This last stop, looking out at George Island is a fitting way to end this adventure, exploring the Maritimes as an Acadian descendant. 

I feel like part of Nova Scotia belongs to me as it once belonged to my ancestors who colonized and prospered here. I will be back, I think to myself… 

Our first lodging in the Tall Ships province, situated by the sea is an early 1800s fisherman’s shack, converted to a rustic tiny house with all the modern amenities including stainless steel appliances and a hot tub on the lower front deck. 

The yellow cottage adjacent to our little abode once belonged to well-known Nova Scotia painter, John Neville. Born in 1952 here in Hall’s Harbour, the famous local artist used the little dwelling as his workshop while living in the cottage.  

Our next temporary home is a cabin at St Esprit Wilderness Holiday on Cape Breton Island. Our Bavarian born host Liane Vetter, is a perfectionist who has thought of everything to make your stay comfortable. 

The common area hot tub situated high up overlooking the lake with encompassing woods is a unique experience. The lighted stone steps late in the evening adds to the enchantment and leads us to a wooden deck with the tub at its center. 

While in Halifax, we stay at the Halliburton Inn, originally three separate townhouses dating back to the 1900s whose main house was originally owned by Sir Brenton Halliburton, Nova Scotia’s eighth Chief Justice.

The downtown inn is a short walk to the waterfront with its kilometers long boardwalk and in close proximity to many eateries and other designated heritage buildings including a former vaudeville house, The Neptune Theatre, whose show tickets are included in one of The Halliburton’s hotel packages on offer.


Before heading out for our next excursion, we put in an order for lobster at the Hall's Harbour Lobster Pound. 

On our return, we pick it up at the cookhouse and eat it right at our deck table as I try to forget how it got on my plate.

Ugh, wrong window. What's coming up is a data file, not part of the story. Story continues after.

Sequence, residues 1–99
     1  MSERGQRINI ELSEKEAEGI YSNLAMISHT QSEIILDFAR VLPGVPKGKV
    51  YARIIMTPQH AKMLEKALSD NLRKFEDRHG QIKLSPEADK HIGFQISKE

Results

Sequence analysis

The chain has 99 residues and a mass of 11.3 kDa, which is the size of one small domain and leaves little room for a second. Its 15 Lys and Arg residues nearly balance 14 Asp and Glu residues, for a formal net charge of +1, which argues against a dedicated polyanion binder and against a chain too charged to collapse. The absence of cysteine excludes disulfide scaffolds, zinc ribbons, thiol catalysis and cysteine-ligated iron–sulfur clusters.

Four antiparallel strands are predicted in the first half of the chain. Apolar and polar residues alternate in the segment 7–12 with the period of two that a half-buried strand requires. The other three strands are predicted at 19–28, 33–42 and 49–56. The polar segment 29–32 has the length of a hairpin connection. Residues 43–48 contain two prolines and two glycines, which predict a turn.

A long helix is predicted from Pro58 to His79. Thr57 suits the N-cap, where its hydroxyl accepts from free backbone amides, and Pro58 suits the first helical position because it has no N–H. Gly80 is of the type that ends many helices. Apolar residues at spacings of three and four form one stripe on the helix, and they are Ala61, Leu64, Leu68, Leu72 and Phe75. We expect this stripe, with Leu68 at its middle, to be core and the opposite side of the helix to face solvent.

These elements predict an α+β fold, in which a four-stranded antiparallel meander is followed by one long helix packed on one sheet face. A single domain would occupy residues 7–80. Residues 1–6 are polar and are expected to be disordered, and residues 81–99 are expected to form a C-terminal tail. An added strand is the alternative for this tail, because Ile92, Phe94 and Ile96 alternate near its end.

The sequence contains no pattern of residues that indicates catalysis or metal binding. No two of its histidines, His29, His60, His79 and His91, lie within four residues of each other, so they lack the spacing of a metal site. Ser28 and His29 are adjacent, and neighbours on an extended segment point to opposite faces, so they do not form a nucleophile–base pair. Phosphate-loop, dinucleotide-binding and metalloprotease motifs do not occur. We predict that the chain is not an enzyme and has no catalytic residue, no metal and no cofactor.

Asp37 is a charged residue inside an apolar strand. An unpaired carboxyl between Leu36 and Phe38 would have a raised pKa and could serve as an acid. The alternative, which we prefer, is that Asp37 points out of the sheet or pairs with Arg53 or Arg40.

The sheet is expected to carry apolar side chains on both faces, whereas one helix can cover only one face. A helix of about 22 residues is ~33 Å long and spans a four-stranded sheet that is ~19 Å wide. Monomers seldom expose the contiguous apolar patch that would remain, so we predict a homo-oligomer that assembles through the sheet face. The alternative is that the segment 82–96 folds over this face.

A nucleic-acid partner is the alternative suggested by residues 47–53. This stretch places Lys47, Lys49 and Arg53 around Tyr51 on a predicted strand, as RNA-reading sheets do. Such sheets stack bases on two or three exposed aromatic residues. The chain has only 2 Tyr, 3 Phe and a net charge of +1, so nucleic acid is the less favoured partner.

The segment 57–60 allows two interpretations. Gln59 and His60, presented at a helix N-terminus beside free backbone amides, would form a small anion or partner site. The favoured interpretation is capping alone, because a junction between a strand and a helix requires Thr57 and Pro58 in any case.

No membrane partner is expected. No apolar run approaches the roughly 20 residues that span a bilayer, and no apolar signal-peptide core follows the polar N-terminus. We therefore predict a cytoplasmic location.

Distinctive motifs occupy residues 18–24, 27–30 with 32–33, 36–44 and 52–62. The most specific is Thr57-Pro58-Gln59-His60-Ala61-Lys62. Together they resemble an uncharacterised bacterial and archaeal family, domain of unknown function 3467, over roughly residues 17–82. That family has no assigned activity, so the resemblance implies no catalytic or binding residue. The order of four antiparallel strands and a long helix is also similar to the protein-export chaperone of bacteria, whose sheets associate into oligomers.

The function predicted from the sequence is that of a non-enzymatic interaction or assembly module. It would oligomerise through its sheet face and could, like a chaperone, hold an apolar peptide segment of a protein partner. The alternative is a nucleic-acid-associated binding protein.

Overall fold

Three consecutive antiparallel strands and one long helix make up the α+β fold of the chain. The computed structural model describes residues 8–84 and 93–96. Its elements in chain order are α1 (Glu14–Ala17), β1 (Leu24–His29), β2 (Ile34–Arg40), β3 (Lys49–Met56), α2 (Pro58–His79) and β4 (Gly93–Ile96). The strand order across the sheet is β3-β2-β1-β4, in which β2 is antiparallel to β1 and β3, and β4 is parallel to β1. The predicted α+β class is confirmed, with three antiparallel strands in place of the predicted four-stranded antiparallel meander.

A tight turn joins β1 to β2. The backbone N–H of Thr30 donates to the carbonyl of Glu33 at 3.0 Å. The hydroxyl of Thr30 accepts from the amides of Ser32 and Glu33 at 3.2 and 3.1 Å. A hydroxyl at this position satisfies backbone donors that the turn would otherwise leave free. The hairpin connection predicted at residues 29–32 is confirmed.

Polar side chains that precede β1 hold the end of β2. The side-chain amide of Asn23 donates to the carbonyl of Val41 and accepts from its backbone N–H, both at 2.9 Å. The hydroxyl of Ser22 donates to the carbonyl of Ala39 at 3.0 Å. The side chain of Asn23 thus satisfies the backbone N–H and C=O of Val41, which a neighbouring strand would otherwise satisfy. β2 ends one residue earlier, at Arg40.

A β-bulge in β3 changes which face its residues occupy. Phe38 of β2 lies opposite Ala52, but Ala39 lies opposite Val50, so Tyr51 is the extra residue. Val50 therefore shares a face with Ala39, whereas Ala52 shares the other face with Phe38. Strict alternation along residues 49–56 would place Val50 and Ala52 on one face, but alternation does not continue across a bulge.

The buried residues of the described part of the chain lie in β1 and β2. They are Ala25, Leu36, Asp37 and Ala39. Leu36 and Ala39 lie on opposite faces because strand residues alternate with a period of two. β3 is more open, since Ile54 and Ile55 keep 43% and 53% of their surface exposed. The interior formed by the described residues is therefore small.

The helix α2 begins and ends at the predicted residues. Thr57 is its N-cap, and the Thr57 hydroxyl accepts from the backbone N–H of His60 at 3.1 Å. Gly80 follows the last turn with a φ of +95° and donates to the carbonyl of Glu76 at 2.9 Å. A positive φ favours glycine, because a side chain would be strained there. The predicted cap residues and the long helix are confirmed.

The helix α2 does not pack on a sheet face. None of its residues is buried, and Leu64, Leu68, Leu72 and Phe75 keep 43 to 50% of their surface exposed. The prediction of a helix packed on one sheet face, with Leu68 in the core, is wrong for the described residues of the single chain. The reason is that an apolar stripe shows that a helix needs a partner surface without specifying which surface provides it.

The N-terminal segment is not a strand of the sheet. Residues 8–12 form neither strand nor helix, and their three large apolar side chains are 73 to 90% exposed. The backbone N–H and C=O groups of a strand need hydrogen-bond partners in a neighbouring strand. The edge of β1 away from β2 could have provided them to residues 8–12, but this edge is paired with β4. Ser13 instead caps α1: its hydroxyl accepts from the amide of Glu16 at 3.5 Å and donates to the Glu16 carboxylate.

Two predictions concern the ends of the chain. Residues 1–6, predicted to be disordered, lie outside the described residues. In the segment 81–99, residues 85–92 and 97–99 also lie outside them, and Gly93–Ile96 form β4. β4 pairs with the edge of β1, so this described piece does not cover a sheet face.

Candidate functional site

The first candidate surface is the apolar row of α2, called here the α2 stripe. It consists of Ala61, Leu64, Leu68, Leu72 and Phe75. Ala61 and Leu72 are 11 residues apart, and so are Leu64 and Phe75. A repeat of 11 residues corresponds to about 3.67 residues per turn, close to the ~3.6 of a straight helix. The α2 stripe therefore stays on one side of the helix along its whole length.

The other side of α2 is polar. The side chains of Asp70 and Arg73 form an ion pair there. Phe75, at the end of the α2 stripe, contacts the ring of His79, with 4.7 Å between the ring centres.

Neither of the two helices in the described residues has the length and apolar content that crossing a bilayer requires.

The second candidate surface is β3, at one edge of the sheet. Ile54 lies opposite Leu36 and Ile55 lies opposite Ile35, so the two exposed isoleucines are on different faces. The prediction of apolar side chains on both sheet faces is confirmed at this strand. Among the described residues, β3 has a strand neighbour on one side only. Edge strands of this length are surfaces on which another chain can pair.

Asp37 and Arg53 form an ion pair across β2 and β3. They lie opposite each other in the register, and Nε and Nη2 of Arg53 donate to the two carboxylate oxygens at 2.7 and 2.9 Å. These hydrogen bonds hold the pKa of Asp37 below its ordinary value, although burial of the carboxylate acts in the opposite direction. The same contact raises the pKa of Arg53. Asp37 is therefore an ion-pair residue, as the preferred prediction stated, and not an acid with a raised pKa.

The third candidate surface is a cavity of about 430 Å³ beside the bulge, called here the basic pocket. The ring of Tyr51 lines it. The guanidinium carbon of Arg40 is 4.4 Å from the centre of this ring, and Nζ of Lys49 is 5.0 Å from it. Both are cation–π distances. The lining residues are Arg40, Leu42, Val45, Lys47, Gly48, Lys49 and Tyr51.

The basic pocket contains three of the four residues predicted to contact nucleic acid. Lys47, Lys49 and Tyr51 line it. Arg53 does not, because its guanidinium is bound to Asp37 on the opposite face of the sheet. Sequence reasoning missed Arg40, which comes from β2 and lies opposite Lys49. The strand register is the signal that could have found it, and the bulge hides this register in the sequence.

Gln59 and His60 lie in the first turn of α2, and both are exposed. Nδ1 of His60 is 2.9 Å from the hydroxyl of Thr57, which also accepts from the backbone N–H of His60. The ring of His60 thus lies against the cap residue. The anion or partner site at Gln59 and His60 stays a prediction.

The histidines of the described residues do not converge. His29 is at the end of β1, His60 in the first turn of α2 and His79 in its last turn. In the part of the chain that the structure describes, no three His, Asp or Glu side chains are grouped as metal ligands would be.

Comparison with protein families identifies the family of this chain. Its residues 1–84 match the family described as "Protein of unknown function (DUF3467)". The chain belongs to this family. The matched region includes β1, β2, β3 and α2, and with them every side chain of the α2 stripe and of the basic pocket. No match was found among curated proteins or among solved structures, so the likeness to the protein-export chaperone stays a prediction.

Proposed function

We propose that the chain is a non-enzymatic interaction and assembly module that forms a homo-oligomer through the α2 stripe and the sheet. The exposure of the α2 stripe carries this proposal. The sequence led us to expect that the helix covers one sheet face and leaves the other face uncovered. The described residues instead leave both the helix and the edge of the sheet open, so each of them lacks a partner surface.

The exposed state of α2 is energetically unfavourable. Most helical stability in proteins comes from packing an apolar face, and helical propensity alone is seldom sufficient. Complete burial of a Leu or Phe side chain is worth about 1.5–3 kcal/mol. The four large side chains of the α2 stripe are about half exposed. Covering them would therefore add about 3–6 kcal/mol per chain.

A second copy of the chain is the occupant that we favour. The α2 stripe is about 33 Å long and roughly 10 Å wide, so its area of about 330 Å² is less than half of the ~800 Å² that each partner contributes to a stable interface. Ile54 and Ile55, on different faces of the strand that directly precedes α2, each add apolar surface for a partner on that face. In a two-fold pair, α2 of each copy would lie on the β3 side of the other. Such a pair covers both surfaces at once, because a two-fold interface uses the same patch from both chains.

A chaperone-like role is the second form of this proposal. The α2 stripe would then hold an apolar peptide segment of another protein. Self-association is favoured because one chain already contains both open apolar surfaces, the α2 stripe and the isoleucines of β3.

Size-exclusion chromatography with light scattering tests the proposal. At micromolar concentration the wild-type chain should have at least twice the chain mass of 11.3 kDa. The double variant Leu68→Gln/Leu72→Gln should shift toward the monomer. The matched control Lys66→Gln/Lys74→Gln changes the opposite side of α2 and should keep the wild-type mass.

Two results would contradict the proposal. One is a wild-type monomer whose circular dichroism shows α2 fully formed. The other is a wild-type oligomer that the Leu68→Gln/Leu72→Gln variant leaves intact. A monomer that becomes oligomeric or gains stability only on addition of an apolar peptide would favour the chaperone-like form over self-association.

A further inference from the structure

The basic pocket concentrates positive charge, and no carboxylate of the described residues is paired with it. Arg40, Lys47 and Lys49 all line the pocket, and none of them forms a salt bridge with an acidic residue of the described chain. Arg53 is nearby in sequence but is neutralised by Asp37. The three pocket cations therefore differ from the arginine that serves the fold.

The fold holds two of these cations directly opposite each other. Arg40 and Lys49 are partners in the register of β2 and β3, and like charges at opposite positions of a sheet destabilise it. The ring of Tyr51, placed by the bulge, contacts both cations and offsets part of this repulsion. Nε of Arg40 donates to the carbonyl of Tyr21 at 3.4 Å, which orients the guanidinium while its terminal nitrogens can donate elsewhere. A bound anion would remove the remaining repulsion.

Our first night in Halifax is a Saturday and we decide it is our last opportunity to take in live music at my spouse, Nelle’s namesake Durty Nelly's. 

This place really puts the “live” in music and this old town on a Saturday night has the liveliest night scene.

I like my Irish pubs and so much the better if it happens to be on a seaside wharf as is  the case with Stayner's Wharf. 

To our dismay, the service is spotty and the live music more subdued than our Saturday night outing, however, we enjoy our creature comfort food once it arrives to the table washing it down with an ale.

On the waterfront, Bishop's Landing offers shops such as Rum Runners Rum Cake Factory featuring a rum cake recipe from a rum runner’s wife. 

The shopping/dining hub has some of the best dining on the waterfront including The Bicycle Thief with its relaxing, ocean facing patio and a bakery called Piece of Cake Fine Bakery and Café which specialize in Asian style whipped cream cakes. 

—Armande Martine

Armande Martine is a freelance writer with three adult children, married to Nelle Oosterom since 2016. She spends part of her travels writing about her experiences.

Armande has been promoting people, places, ideas and organizations since 2014 and can be found at AM Communications - Promotion Plus on Facebook, Twitter, Instagram and LinkedIn.

CLICK HERE TO READ PART 1 of Armande's travels in the Steps of her Acadian Ancestors 

CLICK HERE TO READ PART 2 of Armande's travels in the Steps of her Acadian Ancestors 

VISIT ARMANDE’S WEBSITE here: https://amcommunications38.pixieset.com/